On the 20th of April, 2022, Jared Huffman led 24 other legislators in sending a letter to the Environmental Protection Agency in New York. The letter urged the EPA to investigate the effects of Bitcoin mining on the environment.
According to Jared and his crew, Bitcoin mining has severe ecological impacts: pollution and the increase in the release of greenhouse gases. The lawmakers urged the EPA to monitor the crypto industry closely and implement regulations that will curb the mining of cryptocurrencies.
Bitcoin miners in New York have refuted these claims, stating that the environmental effect of Bitcoin mining is not as severe as the protagonists have assumed it to be.
Bitcoin miners and maximalists believe that the energy consumed by mining devices is similar to that consumed at data centers owned by Amazon, Microsoft, and other similar organizations.
Darin Feinstein, the co-founder of CoreScientific, a crypto mining operator, stated, “The pollution comes from the energy generation source, and all data centers buy electricity off-site, upstream. It would be very unusual for the EPA to regulate the kind of computation occurring within a data center. That’s outside of their remit.”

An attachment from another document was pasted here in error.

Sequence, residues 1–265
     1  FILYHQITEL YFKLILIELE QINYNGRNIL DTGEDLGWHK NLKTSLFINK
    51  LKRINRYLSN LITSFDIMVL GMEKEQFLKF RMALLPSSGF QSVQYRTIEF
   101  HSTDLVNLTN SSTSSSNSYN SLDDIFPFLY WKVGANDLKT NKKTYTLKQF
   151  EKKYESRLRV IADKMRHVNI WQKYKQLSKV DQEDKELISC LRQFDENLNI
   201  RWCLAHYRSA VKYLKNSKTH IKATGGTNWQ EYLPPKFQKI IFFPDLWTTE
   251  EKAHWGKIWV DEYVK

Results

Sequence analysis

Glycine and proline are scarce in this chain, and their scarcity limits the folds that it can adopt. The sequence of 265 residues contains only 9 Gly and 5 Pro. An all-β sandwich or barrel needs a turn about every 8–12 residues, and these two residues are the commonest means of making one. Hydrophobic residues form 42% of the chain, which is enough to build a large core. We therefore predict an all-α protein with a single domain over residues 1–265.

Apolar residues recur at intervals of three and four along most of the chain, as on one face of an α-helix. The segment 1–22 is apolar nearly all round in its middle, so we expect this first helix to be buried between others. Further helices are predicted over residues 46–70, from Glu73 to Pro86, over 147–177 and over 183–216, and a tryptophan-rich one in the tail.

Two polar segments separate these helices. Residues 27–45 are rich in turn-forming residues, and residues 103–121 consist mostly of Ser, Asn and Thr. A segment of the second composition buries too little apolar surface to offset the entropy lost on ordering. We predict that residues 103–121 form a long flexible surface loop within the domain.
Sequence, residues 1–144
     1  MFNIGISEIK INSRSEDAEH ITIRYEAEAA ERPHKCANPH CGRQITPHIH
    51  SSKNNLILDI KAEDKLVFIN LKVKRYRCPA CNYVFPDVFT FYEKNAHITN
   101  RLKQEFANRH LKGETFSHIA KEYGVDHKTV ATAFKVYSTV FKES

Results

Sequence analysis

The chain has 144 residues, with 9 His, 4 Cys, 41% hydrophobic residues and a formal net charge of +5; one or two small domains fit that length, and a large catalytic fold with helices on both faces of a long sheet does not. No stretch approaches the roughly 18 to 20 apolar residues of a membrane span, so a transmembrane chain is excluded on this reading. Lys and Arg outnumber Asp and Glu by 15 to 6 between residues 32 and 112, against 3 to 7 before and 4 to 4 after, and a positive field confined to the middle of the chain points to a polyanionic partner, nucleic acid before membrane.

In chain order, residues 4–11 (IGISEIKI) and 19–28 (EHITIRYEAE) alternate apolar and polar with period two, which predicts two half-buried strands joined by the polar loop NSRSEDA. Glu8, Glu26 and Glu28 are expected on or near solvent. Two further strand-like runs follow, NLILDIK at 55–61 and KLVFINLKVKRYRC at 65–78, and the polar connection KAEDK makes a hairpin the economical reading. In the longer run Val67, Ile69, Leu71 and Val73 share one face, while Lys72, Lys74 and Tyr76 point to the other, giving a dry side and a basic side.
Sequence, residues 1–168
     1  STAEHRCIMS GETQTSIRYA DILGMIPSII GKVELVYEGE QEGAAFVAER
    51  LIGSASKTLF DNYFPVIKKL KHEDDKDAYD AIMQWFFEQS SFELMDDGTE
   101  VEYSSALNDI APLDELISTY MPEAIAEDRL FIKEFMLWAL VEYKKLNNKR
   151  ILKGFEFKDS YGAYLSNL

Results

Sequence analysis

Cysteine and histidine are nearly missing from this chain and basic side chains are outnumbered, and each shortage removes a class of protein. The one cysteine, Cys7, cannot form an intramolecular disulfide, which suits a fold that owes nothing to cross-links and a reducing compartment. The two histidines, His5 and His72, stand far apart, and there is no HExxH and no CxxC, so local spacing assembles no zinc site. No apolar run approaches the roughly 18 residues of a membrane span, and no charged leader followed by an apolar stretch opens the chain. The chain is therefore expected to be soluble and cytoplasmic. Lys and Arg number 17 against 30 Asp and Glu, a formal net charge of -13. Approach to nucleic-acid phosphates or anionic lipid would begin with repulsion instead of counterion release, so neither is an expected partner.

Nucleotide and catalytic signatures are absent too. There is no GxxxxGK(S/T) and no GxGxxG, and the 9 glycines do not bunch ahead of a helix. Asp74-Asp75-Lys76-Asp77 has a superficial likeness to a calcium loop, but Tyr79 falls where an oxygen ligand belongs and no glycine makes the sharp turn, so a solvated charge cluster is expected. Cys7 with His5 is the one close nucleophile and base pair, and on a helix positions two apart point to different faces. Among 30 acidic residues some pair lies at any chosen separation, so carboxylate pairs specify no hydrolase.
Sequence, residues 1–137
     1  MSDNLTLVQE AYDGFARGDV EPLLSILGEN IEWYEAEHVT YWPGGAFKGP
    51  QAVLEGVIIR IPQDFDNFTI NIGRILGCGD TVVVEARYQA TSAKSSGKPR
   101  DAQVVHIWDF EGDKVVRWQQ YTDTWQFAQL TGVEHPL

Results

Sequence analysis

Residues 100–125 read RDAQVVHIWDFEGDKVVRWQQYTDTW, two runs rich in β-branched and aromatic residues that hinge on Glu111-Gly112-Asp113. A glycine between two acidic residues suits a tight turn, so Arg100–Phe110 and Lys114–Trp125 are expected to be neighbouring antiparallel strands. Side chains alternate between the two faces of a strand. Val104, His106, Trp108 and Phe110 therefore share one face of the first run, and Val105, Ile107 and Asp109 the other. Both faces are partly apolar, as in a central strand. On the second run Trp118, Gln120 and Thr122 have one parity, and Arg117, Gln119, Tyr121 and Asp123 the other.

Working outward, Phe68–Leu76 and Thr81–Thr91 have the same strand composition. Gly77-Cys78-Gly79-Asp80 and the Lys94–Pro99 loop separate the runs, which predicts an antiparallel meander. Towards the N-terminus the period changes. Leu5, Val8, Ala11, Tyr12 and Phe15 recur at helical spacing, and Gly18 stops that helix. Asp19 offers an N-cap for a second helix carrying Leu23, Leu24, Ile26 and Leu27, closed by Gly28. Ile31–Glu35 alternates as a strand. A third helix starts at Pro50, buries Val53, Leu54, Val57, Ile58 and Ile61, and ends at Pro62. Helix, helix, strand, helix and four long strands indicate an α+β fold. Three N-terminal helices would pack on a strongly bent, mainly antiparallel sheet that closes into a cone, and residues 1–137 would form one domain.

According to Darin, it is beyond the business of the EPA to care about what data centers use their energy for.
In addition to the energy consumption concern, the legislators accused Bitcoin miners of wasting electronic devices and hardware. A claim was made that Bitcoin alone produces 30,700 tons of hardware waste every year. This vast volume results from mining devices quickly becoming obsolete in the industry.
Jack Dorsey, Michael Saylor, and other Bitcoin maximalists wrote a letter to the EPA to counter this claim. In the letter, the estimated value of annual waste was refuted, and the Bitcoin holders claimed that hardware devices used for mining Bitcoin last a lot longer than 1.3 years.
Other Bitcoin miners in New York staged a protest against the possible banning of Bitcoin in the city. The rally was held on Monday at the Capitol building in Albany. The EPA has yet to decide on Bitcoin and other proof-of-work-based cryptocurrencies.